Most of the known navigation methods use special equipment for therapeutic device localization. Such equipment can be based on optical or electro magnetic tracking principles using sensors and transducers for measuring position of the device in some reference coordinate system. In order to achieve acceptable results the imaging system and the tracking systems must be well calibrated presenting the image and location of the device in common coordinate system. Additional equipment increases the cost of procedure, makes it more complicated, and requires accurate calibration. Another type of methods for device positioning uses mechanical tools which confine the right positioning for the device. These methods serve specific types of treatments and therefore are not universal. International patent application publication number WO 96/25881 titled METHOD FOR ULTRASOUND GUIDANCE DURING CLINICAL PROCEDURES published on Aug. 29, 1996 describes a method for combining a geometric localization of a tool with acquired ultrasound images. However, ultrasound modality cannot be applied for some organs, such as coronary arteries. WO 96/25881 further describes a method for guiding a tool to reach an organ without intersecting other organs. WO 96/25881 does not relate to navigating a tool located inside a tubular organ towards a pre-defined position within the tubular organ. The target and surrounding organs are required to be visible in images acquired throughout the insertion. Thus, the main difficulty of the registration, which is an essential step in data fusion, is solved by using additional equipment—the organs are imaged by ultrasound throughout the insertion. The last solution is not valid for the case of X-ray angiography, for example.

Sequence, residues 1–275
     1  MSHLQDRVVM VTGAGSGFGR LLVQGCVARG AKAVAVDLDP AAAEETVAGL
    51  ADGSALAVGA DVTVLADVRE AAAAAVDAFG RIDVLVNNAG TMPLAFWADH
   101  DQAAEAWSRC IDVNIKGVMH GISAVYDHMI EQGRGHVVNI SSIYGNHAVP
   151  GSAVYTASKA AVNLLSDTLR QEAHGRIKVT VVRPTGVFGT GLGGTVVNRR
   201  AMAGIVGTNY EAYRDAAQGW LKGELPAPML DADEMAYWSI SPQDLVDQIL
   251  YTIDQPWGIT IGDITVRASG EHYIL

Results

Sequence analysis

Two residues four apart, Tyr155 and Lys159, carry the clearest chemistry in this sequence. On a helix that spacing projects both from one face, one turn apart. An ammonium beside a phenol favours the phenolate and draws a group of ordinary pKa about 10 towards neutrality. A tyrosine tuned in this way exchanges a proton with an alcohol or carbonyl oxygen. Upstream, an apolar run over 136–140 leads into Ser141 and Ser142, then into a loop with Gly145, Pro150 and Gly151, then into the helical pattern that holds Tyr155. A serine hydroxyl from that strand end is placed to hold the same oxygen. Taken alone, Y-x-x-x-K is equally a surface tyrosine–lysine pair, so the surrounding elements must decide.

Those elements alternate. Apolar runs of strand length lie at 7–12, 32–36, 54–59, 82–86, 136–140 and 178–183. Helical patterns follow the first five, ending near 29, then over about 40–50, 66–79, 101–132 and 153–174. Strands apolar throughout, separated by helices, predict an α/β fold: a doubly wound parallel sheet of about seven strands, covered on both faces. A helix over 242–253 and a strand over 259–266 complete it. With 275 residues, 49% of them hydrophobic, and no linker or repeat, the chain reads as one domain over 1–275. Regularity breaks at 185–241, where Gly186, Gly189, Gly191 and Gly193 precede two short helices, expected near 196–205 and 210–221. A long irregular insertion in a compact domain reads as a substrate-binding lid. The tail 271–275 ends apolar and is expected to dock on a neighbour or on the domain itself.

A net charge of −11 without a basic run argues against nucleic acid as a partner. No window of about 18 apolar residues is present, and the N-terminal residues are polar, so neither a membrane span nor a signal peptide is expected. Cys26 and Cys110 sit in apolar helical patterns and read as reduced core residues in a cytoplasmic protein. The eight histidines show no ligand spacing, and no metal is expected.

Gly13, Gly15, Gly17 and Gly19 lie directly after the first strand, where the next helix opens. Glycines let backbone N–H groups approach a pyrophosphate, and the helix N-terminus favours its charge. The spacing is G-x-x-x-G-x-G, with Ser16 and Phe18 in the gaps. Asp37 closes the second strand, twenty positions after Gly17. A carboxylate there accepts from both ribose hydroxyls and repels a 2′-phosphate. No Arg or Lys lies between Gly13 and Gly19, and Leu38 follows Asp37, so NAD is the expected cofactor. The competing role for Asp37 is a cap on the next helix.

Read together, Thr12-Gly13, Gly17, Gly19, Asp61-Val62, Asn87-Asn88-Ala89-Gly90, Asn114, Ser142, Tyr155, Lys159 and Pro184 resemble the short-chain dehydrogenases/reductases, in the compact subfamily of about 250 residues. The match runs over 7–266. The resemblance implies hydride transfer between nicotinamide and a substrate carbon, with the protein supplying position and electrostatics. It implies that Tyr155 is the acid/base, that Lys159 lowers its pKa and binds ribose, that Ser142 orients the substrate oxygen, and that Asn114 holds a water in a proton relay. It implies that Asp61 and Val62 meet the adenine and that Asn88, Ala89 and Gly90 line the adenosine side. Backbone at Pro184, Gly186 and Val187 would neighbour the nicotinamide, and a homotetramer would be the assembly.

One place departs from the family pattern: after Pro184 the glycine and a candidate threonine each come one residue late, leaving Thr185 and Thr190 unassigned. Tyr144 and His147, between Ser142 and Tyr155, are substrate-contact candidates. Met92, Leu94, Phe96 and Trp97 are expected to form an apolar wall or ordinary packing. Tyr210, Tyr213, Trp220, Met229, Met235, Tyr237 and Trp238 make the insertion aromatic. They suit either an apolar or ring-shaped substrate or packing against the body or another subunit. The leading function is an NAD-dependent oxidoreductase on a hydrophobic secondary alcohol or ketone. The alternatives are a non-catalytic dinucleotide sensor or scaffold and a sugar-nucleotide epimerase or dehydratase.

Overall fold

Another publication demonstrating the usage of Ultrasound technology for real-time imaging of devices, is International patent application publication number WO 01/58359 titled ULTRASONIC IMAGER published on Aug. 16, 2001. WO 01/58359 discloses an ultrasound imaging system that superimposes sectional views created from volumetric ultrasound data, and the location data for an intervention device, such as a catheter as obtained from external sensors. The position of an interventional medical device may be shown, in one or more views, relative to organs and tissues within a body as the interventional device is moved. The interventional device positional data is updated continuously and is superimposed on tissue images that may be updated less frequently, resulting in real-time or near real-time images of the interventional device relative to the tissues. The superimposed images permits medical personnel to perform procedures such as angiograms with minimal or no exposure of patients to x-rays and contrasting dye. The current ultrasound image where catheter appearance is enhanced by vibration mechanism or by brightening technique is supposed to be aligned with a reference image. The combination of the two images is carried out by straightforward overlay. However, as mentioned above, ultrasound technology is not applicable to all organs, and especially to coronary arteries, since the technology does not compensate for changes in imaging conditions and for movement of organs.